The Test Kit Lie

How many test kits does America actually need?

More important, was America caught flat footed in regard to COVID-19?

If one is to believe the liberal media, President Trump’s administration was caught asleep at the wheel. The COVID-19 protocols put in place by his administration were woefully inadequate.

First, there weren’t enough test kits.

Then there was the government red tape in testing those kits, with the CDC designated as the only authorized entity to conduct the tests, leading to lengthy delays between the testing of potential Covid-19 carriers and the reporting of those results.

It’s undeniable having the CDC handle the testing created a bottleneck—and should have been foreseen by the CDC and FDA.

Still, the major complaint has been the inadequate access to testing kits.

The question: Exactly how many COVID-19 test kits do we need?

More important, what drives that number?

Sadly, the hysteria over test kits has been driven almost entirely by the myth that the government can flatten the number of cases of Coronavirus. (Read: The Myth of Curve Flattening)

Contrary to popular perception the curve flattening theory does not reduce the overall number of hospitalizations, the area under the curve.

Rather, the theory suggests the number of cases requiring medical attention can be spread out over a longer period of time, thereby flattening out the peak number of hospitalizations occurring at any given time, which in turn reduces the strain on healthcare systems.

When we look closely at the debate over the inadequate numbers of testing kits, what we find is that argument is based on the numbers required to implement the curve flattening strategy.

The dilemma, the flattening of the curve theory is largely myth.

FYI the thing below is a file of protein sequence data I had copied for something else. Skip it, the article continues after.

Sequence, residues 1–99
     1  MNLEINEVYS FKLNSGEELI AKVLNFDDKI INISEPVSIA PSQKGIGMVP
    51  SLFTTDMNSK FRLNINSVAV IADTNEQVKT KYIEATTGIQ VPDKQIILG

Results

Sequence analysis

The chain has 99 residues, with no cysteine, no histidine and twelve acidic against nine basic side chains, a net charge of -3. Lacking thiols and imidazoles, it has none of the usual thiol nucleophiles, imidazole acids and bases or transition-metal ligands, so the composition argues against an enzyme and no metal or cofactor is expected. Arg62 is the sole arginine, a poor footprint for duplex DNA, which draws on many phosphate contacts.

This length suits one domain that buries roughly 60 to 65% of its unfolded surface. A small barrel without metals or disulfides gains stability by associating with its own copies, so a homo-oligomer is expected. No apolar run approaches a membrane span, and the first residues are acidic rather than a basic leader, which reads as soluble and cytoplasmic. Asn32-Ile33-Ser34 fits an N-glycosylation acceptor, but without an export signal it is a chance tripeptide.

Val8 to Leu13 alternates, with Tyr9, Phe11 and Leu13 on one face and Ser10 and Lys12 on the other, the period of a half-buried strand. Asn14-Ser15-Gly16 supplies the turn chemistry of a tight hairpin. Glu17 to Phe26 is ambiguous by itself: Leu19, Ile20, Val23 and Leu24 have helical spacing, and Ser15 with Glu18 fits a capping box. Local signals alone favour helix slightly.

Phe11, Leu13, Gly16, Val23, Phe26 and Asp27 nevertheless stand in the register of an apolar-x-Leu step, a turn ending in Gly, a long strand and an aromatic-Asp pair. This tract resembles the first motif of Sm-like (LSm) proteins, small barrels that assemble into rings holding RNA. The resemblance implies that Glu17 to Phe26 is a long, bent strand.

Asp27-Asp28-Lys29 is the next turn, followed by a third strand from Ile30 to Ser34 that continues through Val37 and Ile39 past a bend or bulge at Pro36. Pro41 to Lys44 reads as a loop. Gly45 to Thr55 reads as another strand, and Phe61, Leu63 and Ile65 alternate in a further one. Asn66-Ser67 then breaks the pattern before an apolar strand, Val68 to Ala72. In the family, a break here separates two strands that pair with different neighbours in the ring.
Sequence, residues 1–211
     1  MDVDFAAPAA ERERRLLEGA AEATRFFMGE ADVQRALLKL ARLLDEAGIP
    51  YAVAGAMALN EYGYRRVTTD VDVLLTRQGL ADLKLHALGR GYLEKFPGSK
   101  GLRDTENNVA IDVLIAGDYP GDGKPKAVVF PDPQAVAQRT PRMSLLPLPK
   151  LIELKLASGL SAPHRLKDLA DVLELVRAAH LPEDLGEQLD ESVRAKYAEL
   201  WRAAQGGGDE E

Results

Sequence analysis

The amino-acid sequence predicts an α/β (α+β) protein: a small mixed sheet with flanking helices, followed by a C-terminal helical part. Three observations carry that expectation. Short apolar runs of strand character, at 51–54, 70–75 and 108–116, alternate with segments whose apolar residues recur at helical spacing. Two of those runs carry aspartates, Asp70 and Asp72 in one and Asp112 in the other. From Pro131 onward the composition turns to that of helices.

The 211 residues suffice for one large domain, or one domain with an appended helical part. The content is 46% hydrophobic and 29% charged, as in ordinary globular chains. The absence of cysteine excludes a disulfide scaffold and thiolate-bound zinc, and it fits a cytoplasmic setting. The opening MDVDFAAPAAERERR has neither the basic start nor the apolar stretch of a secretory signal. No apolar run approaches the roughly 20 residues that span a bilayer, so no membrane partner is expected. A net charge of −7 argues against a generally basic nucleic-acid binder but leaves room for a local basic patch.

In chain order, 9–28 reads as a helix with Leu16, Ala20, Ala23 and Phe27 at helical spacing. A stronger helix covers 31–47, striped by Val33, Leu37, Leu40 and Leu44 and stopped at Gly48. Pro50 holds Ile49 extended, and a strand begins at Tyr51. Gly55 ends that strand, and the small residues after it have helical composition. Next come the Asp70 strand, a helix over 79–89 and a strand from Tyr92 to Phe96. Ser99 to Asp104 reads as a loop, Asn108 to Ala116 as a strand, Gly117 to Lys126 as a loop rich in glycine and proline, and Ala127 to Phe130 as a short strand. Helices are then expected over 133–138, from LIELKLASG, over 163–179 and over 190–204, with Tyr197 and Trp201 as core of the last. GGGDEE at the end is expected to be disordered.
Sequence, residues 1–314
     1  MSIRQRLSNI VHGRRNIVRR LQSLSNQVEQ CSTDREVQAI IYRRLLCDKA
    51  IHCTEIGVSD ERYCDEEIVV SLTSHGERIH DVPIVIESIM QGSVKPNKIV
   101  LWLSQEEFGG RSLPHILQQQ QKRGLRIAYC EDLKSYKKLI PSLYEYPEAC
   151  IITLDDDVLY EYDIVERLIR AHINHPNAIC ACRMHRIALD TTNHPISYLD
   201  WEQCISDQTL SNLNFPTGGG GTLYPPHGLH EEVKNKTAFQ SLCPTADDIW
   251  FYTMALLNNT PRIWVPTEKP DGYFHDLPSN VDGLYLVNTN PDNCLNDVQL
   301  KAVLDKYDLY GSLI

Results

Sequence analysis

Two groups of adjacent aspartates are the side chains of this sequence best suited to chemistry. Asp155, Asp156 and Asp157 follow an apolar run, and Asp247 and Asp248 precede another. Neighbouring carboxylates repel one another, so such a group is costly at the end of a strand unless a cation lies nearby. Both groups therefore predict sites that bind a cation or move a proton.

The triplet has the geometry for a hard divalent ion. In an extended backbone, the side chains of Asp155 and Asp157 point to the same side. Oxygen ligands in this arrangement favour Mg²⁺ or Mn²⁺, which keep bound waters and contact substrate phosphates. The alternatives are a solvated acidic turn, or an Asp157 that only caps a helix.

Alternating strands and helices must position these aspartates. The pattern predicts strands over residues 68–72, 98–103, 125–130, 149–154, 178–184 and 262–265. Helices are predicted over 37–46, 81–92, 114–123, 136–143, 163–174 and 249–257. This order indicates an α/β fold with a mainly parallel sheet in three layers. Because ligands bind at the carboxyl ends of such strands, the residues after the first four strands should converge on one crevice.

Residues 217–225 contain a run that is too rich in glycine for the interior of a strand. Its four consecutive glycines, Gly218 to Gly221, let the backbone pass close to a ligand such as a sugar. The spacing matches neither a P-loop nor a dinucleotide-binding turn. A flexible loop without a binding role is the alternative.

It is another case of theory running into the harsh reality of the real world.

Given the nexus of the of the media’s outcry over the inadequate number of testing kits was predicated on a myth—what should the real number be?

In reality, the number of test kits should be based on medical need—not the myth of 100% testing and curve flattening.

Health care providers need to know what ailment they are dealing with—this should be the driver for test kit numbers.

When someone seeks medical attention—health care staff need to have the ability to determine the medical needs of that individual.

Again we ask the seminal question: Given medical need, how many test kits are required?

The answer: Far fewer than the millions the liberal media would have the public believe.

Ultimately, the number should be a reflection of individuals who have had to seek medical attention due to a severe reaction to the COVID-19 virus.

It is those who have developed complications from their infection—not those who have simply contracted the COVID-19 virus who should be tested. In fact, the number of individuals who have contracted COVID-19 is immaterial.

Beyond the actual number of individuals seeking medical attention—the number of test kits must also include reserve stock—as the need for tests kits may be skewed by the dispersion of the virus across the country.

In the U.K. mild cases are not tested to determine the presence of the Coronavirus—similarly in America, mild cases should never have been included in the calculation of the test kits required—but sadly, they have been.

This leads to a more reasonable number in the 10s of thousands—not 10s of millions.

Ultimately, the outcry for the need for 10s of millions of Coronavirus test kits is a red herring.

A red herring based on the need of 100% testing associated with the myth of curve flattening.

This massive roll out of test kits exacerbates the already painfully slow processing time of those test kits.

Waiting days to get results is unacceptable; although without any anti-viral protocols specific to the Coronavirus, there is little health care professionals can do specific to COVID-19 other than to implement standard treatments.

Still, the CDC and FDA should have foreseen the need for faster turnaround regarding the test kits submitted by doctors and hospitals.

In the end, the true number of test kits should have been predicated on medical need—not some abstract theory.

Contrary to the outcry from the liberal media, that number is in the 10s of thousands—not 10s of millions.

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